In “We All Fall Down” Fear the Walking Dead continues to explore the theme of family within the context of the zombie apocalypse. It delves into issues of home, sustainability, and sacrifice. Each family must find their own way to survive, and, as we’ve seen throughout the first season, being a family doesn’t mean that everyone agrees. The Manawa-Clark clan has certainly had its challenges, but suicide-murder has yet to be put on the table. As Leo Tolstoy said, “All happy families are alike; each unhappy family is unhappy in their own way.” Fear the Walking Dead finds interesting ways to explore how the stress of the infection impacts families and individuals.
Fear the Walking Dead returns with the Season 2 premiere “Monster.” The series started with a blended family dealing with their own challenges, then quickly grew into a group of survivors banded together through luck and circumstance. This family has had better luck that most, after being helped by a man who has already experienced the worst of humanity and another who seems to have planned for the end of the world. After the government collapse, it starts to become clear that people can be just as dangerous as the dead.
The season finale of Fear the Walking Dead, “The Good Man,” provides a satisfying ending for this new series with a rescue and escape. The final episode was written by Robert Kirkman and Dave Erickson, who also wrote the pilot. In six episodes, Fear the Walking Dead took us through the fall of civilization, and “The Good Man” shows us the impossible choices that need to be made to survive in this new world.
In Fear the Walking Dead’s penultimate episode, “Cobalt,” it’s become clear that the infected aren’t the only danger. We learn more about how the military plans to respond to the growing threat. In “Not Fade Away” Travis and Madison weren’t on the same page. Despite their increasing awareness of the danger they’re in during” Cobalt,” Travis and Madison’s worldviews remain quite disparate in “Cobalt.”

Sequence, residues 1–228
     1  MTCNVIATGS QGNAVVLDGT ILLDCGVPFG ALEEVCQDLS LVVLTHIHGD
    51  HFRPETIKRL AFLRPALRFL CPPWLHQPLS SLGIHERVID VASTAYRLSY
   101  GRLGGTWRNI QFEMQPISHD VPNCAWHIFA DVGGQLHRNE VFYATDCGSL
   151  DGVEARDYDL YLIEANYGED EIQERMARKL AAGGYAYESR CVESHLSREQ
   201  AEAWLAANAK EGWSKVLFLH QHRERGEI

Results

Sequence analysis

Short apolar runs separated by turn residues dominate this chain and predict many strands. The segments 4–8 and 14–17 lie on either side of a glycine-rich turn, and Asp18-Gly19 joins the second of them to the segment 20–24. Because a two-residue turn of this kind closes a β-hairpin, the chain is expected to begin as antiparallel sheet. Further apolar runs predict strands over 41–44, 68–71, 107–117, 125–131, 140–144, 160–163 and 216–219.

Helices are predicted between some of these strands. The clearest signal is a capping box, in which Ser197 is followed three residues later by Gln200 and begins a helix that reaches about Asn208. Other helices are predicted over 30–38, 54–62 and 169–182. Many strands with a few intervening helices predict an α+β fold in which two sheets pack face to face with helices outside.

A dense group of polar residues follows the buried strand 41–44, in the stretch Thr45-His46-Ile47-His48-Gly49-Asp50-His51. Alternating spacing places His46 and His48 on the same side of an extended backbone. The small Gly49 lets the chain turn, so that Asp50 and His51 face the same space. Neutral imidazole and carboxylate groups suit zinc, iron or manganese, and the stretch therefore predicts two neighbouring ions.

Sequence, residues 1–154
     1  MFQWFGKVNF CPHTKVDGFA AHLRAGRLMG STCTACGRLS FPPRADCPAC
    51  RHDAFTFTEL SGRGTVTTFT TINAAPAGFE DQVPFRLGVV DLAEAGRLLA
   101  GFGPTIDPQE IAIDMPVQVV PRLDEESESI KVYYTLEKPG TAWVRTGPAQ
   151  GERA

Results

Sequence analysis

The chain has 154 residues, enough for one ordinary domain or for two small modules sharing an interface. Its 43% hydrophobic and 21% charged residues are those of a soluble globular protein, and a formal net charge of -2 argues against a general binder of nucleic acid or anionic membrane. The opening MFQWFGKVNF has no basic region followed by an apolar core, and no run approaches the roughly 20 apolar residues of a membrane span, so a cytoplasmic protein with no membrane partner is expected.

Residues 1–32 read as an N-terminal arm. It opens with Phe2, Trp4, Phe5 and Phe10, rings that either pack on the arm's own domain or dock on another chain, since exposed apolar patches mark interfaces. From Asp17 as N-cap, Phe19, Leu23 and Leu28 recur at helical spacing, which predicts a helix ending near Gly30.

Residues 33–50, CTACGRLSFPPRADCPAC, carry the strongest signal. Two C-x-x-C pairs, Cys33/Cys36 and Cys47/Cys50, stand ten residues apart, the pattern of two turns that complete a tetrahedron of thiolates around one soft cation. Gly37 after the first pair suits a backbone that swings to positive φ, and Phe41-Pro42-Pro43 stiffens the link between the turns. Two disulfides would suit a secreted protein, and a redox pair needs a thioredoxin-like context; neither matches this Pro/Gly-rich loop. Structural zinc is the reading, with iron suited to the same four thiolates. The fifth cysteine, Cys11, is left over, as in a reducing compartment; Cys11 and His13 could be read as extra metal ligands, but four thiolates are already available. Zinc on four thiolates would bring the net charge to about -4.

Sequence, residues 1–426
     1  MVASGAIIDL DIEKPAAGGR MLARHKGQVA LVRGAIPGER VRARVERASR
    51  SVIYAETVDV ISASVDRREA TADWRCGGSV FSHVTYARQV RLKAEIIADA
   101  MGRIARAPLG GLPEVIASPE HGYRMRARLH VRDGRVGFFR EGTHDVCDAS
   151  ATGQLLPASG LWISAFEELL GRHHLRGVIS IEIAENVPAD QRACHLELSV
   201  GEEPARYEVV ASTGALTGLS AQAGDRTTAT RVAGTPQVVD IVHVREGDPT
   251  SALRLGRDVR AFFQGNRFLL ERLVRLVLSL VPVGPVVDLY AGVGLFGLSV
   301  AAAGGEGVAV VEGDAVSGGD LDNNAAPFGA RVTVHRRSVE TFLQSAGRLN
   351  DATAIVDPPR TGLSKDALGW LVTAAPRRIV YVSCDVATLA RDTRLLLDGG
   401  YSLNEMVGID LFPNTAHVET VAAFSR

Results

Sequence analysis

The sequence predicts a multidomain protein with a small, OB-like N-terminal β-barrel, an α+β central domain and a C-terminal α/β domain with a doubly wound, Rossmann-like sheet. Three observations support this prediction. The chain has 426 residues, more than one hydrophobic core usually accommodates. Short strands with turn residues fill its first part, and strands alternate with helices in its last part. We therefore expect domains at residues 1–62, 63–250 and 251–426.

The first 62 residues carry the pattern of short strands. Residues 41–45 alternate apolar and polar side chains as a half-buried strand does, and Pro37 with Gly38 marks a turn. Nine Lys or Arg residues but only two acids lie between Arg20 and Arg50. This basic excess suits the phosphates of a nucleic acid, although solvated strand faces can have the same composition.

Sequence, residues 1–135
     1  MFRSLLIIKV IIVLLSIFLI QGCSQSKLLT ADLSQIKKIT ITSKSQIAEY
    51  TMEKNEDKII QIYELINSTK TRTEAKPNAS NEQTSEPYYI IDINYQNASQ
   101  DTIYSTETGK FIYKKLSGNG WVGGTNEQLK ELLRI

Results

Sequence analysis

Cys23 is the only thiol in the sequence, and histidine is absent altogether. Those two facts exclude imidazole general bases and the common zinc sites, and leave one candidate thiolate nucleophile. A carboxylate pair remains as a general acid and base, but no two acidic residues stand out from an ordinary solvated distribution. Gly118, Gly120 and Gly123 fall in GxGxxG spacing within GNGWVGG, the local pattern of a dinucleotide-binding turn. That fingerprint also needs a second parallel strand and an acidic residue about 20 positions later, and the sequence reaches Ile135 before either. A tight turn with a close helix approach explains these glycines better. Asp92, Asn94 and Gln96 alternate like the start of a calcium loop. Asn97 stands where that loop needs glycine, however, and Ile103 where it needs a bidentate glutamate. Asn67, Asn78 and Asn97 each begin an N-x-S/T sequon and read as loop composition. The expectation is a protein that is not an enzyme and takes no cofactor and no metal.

Fear the Walking Dead shows the calm before the storm in “Not Fade Away.” Even though everyone knows there’s a rampant infection, there are attempts at normalcy in their occupied safe zone. Ofelia (Mercedes Mason) starts a romance, Travis (Cliff Curtis) helps out around the neighborhood, Madison (Kim Dickens) fixes up the house, and Nick (Frank Dillane) goes back to his drug-seeking habits. Same old, same old. Of course, the cynical Daniel (Rubén Blades) isn’t the kind of man to lie to himself, but he has his injured wife Griselda (Patricia Reyes Spíndola) to care for, which limits his choices.
The third episode of Fear the Walking Dead, “The Dog,” finds our blended family divided. Madison and her kids Nick and Alicia are hiding from the zombie neighbor in their East LA home. Travis, his ex-wife Liza, and their son Chris are waiting out the riot in downtown LA with the Salazar family: Daniel, Griselda, and daughter Ofelia. All of them are in terrible danger from those just outside their doors.
The second episode of Fear the Walking Dead, “So Close, Yet So Far,” picks up just after the events of the pilot. At the start of the outbreak, the public isn’t aware of what’s going on, though it’s increasingly clear that health workers, police, and other first responders do. If AMC ever does a third series, let’s hope it’s presented from the perspective of emergency responders and health officials. Just the glimpses we’ve been given in Fear the Walking Dead of how hospital, ambulance, and police personnel are responding to the crisis have been fascinating. In “So Close, Yet So Far,” people’s faith in the forces that are supposed to help and protect society begin to be tested.